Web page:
Relief Funding Backed by Rep. Davids to Significantly Increase JoCo COVID-19 Testing, Contact Tracing and Epidemiology Capacity

June 12, 2020
Press Release

Funding that Johnson County received from the CARES Act, a federal relief package backed and voted for by Representative Sharice Davids, will help significantly increase the County’s COVID-19 testing, contact tracing, and epidemiology division capacity, including more testing supplies. The Johnson County Board of County Commissioners approved nearly $4.2 million this week, $3.5 million of which will go towards laboratory testing. It will also fund six full-time and 35 part-time positions at the Johnson County Department of Health and Environment (JCDHE).


Davids visited a drive-thru testing clinic in Olathe today put on by the JCDHE to see the Country’s expanded testing efforts first-hand. The clinic offers free COVID-19 tests on a first-come, first-served basis for anyone with or without symptoms. 


“People in Kansas and across the country are feeling the impacts of coronavirus both on their health and on their economic security. The CARES Act, which I voted for, is one small part of helping get them the relief they need. This virus is still spreading so I’m very glad that Johnson County can use these federal funds to help keep people healthy and plan for the future of both coronavirus and other outbreaks. Congress has more work to do to help people in this country recover, and that’s what I’ll keep working towards,” said Davids.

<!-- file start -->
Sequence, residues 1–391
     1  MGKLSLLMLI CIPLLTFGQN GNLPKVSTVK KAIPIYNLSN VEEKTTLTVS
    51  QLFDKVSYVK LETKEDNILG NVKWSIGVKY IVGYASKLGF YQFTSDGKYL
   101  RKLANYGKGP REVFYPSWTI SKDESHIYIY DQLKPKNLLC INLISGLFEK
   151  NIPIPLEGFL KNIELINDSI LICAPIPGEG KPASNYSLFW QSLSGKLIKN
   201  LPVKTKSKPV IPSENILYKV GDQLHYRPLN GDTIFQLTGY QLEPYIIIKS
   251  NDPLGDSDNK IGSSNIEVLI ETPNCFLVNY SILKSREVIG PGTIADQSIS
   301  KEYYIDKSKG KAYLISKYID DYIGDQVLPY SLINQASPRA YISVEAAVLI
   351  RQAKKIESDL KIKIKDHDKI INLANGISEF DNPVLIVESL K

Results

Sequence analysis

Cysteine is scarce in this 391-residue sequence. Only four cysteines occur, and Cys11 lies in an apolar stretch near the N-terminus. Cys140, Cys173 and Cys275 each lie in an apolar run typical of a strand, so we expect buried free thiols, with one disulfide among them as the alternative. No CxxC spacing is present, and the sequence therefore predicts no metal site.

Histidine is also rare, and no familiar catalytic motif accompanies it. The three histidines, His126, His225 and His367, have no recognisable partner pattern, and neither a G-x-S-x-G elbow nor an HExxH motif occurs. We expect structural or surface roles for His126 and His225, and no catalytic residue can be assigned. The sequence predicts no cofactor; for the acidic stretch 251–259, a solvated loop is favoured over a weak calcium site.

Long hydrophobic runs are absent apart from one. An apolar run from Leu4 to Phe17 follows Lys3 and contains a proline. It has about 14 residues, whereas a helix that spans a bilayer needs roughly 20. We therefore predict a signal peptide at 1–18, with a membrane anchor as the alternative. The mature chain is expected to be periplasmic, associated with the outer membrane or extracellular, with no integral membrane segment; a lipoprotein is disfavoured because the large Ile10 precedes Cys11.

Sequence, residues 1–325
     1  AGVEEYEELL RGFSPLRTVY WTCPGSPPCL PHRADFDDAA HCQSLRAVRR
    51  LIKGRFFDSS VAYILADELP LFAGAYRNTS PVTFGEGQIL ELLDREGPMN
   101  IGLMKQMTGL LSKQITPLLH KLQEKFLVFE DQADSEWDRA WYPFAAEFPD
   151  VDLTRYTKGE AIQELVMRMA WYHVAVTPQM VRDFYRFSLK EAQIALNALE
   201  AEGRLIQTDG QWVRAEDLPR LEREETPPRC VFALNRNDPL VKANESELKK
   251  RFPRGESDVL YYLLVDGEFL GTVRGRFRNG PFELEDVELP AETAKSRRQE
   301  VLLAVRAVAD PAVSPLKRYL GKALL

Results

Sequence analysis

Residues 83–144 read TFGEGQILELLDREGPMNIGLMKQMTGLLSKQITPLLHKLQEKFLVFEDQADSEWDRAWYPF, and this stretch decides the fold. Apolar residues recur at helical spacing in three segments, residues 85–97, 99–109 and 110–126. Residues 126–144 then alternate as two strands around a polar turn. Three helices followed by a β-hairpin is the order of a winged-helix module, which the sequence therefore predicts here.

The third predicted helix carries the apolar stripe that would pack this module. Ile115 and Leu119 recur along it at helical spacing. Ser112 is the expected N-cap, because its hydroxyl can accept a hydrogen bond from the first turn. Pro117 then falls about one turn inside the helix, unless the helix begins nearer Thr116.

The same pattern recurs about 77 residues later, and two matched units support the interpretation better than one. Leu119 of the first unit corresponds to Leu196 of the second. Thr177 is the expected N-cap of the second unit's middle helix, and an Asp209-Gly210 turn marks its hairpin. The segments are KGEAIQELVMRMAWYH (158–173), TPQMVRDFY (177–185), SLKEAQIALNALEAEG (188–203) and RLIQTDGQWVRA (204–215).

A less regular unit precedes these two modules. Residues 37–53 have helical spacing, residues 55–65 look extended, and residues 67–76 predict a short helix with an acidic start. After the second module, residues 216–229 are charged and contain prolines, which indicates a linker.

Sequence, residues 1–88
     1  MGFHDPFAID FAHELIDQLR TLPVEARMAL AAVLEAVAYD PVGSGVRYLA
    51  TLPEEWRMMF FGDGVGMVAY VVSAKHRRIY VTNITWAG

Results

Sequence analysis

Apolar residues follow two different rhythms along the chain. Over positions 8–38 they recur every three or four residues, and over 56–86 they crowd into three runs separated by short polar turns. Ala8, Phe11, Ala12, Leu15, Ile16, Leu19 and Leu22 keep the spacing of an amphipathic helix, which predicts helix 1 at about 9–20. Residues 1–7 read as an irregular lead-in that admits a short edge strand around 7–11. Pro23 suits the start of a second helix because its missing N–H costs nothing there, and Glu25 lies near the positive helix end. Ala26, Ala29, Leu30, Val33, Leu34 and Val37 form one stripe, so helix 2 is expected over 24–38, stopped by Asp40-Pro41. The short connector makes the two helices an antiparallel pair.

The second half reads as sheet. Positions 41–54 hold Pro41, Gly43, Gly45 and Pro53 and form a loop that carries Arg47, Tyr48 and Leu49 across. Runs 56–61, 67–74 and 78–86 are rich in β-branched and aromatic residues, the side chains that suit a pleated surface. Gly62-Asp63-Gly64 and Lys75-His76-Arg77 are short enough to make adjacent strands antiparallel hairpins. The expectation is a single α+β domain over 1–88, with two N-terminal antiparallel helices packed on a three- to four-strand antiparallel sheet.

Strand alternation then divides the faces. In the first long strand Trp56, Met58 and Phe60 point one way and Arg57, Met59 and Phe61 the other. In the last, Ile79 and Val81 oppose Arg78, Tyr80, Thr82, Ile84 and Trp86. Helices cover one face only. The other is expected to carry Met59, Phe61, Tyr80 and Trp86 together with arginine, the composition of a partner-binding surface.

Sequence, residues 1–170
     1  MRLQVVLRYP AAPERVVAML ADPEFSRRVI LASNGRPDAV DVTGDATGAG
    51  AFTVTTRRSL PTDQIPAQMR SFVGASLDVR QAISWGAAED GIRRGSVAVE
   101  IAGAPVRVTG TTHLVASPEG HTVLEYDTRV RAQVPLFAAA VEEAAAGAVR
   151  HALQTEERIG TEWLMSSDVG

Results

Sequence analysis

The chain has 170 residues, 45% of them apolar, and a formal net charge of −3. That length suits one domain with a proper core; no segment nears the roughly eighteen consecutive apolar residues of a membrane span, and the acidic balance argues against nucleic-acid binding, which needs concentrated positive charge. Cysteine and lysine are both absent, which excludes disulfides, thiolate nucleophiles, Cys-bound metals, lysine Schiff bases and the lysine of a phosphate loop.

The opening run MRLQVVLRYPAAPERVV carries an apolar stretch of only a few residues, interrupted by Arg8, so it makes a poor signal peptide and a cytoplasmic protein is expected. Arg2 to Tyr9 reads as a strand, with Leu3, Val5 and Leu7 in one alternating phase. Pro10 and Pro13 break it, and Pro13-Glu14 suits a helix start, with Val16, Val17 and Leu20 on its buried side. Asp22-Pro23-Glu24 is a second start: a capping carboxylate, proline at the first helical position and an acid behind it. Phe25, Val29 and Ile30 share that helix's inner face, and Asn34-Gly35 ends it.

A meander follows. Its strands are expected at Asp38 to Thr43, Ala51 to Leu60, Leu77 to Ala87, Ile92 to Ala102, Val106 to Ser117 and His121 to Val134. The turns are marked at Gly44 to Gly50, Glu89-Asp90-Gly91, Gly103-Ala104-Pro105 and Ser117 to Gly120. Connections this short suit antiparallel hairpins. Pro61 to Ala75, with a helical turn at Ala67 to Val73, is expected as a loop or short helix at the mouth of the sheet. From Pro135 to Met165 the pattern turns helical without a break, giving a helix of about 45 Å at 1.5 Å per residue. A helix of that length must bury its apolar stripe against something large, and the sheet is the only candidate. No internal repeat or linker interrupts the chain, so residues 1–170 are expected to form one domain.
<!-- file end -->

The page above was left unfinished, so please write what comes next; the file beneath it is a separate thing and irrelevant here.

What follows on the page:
“This is needed to effectively respond to COVID-19 pandemic, build a department that can robustly respond to emerging and reemerging epidemics in the future, and one that can address different infectious and non-infectious challenges that the county faces now,” said Johnson County Department of Health and Environment Director Dr. Sanmi Areola and Assistant County Manager Joe Connor in a memo to the Commission.


The six new full-time positions — a manager, two epidemiologists, two investigators and administrative support—will investigate infectious disease clusters, do county-wide health assessments and develop plans to prevent or respond to communicable or chronic disease. The other positions will be 15 part-time, on-call contact tracers and 20 case investigators.